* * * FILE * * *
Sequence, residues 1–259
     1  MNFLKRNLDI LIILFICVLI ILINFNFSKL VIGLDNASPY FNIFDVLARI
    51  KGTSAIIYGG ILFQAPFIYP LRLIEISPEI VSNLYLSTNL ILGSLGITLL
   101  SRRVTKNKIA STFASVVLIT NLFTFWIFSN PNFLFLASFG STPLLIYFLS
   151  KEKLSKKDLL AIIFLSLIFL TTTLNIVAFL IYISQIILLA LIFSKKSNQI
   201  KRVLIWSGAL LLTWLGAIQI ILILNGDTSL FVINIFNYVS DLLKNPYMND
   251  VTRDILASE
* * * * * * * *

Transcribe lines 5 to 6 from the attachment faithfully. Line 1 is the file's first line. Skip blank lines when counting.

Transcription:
   151  KEKLSKKDLL AIIFLSLIFL TTTLNIVAFL IYISQIILLA LIFSKKSNQI
   201  KRVLIWSGAL LLTWLGAIQI ILILNGDTSL FVINIFNYVS DLLKNPYMND